Peyton Haefner began volunteering with Camp Kesem during her freshman year at Penn State. A friend from high school recommended that she get involved, thinking that her own experience with losing a parent at an early age could provide her with insight into young children whose mother or father had been diagnosed with cancer.
"He was like, 'This is great, it changed my life.' And I trusted his judgment," said Haefner, who is now a co-director of the Centre County chapter.
Before delving any further into all of the life changing going on, it's probably best to clear up one potentially confusing point of business. Camp Kesem is the name of a nationwide program that operates free summer camps for children ages 6-18 who have parents with cancer, but it's Camp Chen-A-Wanda in Thompson where the Centre County chapter and the up to 120 kids in their care will actually gather for a week in mid-August.
They play games, do crafts and — if they want to — talk about what's going on at home.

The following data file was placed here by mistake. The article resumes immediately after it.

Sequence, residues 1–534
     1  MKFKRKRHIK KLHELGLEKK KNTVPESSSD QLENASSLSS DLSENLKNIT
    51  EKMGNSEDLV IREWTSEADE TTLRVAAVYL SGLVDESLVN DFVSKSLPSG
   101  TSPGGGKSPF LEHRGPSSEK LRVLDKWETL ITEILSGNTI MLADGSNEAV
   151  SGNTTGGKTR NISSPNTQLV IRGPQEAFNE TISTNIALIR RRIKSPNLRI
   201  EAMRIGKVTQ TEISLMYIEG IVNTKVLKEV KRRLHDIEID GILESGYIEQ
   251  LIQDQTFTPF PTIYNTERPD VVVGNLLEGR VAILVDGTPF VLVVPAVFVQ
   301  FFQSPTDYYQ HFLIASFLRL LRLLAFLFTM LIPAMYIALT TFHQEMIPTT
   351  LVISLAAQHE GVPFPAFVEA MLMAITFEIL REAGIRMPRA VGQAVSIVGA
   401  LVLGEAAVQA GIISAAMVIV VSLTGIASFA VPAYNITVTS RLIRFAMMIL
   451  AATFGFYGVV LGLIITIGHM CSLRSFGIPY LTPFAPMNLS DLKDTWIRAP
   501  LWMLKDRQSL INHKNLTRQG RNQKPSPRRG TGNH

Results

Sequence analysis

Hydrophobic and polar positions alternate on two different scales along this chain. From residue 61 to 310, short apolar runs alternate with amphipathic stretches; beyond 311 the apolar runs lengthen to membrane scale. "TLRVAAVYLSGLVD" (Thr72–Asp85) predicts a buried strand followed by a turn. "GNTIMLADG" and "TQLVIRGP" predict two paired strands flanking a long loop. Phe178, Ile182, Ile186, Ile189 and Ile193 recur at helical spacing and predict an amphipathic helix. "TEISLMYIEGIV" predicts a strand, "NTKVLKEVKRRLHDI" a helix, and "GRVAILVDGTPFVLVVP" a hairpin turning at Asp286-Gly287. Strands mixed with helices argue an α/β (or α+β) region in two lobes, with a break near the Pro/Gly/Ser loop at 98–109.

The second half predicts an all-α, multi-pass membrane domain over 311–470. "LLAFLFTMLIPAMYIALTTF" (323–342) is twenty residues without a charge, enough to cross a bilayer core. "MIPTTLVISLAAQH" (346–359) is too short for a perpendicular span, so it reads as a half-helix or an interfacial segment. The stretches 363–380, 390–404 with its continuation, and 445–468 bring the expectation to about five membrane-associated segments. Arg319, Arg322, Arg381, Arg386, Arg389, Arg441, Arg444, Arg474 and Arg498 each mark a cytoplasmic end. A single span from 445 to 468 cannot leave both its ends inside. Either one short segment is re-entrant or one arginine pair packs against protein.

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"By the end of the week they're all really close to each other and really close to us," Haefner said.
Her chapter is not officially affiliated with Penn State, but all of the camp's 130 volunteers are students there. Each is required to take part in a series of four-hour training sessions that touch on grief and loss, diversity and inclusion, bullying and basic safety. Mental professionals will be on site in August to provide additional support.
Nobody is going into this expecting to become an amateur psychiatrist in their off hours. The goal is just to provide the kids with a friendly ear.
"You can't fix the problem and that's not what we're there to do. We're there to listen," Haefner said.
There are 90 children registered for this year's camp, but Haefner and company can accommodate up to 120. Families can register at www.kesem.force.com